At our church last night we discussed the inauguration. Those commenting spoke of hope, joy, inspiration, and goodwill. Others have expressed similar feelings, and while I know there are detractors and naysayers seeking to steal the spotlight for themselves, our nation does seem to have shared a special moment on Tuesday. I believe there were tears and laughter and joy and hope, not because one political party triumphed over another. I believe Tuesday was historic, not just because a person of color assumed the Presidency. I believe the inauguration of Barack Obama returned the nation to our true story.
Stanley Hauerwas says that a true story offers a moral framework to a community. True stories, he asserts, contain these characteristics:
- A true story should have the power to release us from destructiveness;
- It should provide a way of seeing through our current distortions;
- It should have room to keep us from having to resort to violence;
- It should have a sense for the tragic, for how meaning transcends power;
- It must be one that helps me go on. *
I believe that we as a nation returned to our story on Tuesday. America’s story had been one of creation, not destruction. Our story had provided the hope of the American dream to immigrants who flooded onto our shores. Our American story had said that we do not start fights with other countries, that we will take the first blow, that we are never the aggressors. Our nation’s story had survived a war of independence, a fledgling government, a civil war that almost ripped us permanently apart, two world wars, a great depression, the immorality of slavery and the injustice of segregation. And yet we went on, we learned from our own mistakes, we gave the right to vote to women and minorities, we continued to believe that America stood for the best in our common humanity, that we were a global lighthouse to others who yearned to be free.
On that September 11th morning in 2001, Americans were doing the things we had always done. We were working, going to school, shopping, calling our families, and planning our futures. But terror struck more than buildings that day. Terror struck our own national psyche.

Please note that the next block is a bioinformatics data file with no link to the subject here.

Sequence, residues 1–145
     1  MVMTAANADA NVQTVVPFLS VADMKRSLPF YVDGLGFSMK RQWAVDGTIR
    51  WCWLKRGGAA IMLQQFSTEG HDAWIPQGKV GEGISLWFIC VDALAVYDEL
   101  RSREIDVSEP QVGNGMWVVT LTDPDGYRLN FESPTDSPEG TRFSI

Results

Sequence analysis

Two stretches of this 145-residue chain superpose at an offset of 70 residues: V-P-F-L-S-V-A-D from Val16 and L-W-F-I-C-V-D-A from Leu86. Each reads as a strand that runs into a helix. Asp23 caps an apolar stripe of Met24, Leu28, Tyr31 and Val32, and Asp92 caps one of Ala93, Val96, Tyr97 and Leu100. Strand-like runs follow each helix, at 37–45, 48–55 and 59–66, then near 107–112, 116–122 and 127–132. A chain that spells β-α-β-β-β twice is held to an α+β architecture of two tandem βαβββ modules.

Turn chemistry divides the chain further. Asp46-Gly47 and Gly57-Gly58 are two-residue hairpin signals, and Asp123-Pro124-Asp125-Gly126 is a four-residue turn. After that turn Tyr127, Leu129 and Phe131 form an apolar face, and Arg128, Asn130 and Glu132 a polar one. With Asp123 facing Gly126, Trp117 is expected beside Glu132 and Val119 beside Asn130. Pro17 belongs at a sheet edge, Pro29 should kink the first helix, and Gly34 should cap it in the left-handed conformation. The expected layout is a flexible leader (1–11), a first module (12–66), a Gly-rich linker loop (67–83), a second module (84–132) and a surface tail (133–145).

Maybe we were wrong, we thought. Maybe our story was no longer valid in a rapidly changing world. Maybe instead of taking the blow, we needed to take the first shot. Maybe instead of abiding by the Geneva Convention in the treatment of prisoners we had to suspend the rules to protect the homeland. Maybe the old story didn’t work after all. We would live by a new story.
This new story no longer called for sacrifice in time of war; it called for shopping and traveling to keep the economic engines turning. This new story we tried to tell ourselves forgot that our own grandparents were immigrants, and sought to keep immigrants from coming and shouted for the deportation of those already here.
This new story dashed our ideals of constitutional guarantees in the face of imminent danger. This new story we tried to tell ourselves sought to shock a perceived enemy population with the awe of our sophisticated weaponry.
But the more we told ourselves this new story, the less satisfied we were with it. We grew tired of the bombings and death tolls reported by our media. We chafed at the suggestions that the war might go on 100 years. We bristled at privacy lost, freedoms abridged, hopes dashed, and fear rising.
And finally, when all the shopping failed and the banks collapsed, and the stock market sank, we wondered if this new story was only a phantom, an invention, a reaction.
We sought a return to the old story. The story of hope, of peace, of responsibility, of opportunity, of community. The story of faith that unites rather than divides. The story of helping each other, of learning from our mistakes, of picking ourselves up, of calling on God. We began to believe that the old story was a better story, it was our true story.
I believe that is what happened on Tuesday. America reclaimed her story. For in the end, the story is all we have. The story is what makes this country great. The story begun in the hearts of those who sought a different life — a life of freedom, in a land of opportunity, where everyone could realize their God-given potential. A story that was not segmented by class or color or creed. A story that was true, and that could be true again.
*Helping People Forgive, David W. Augsburger, pg. 119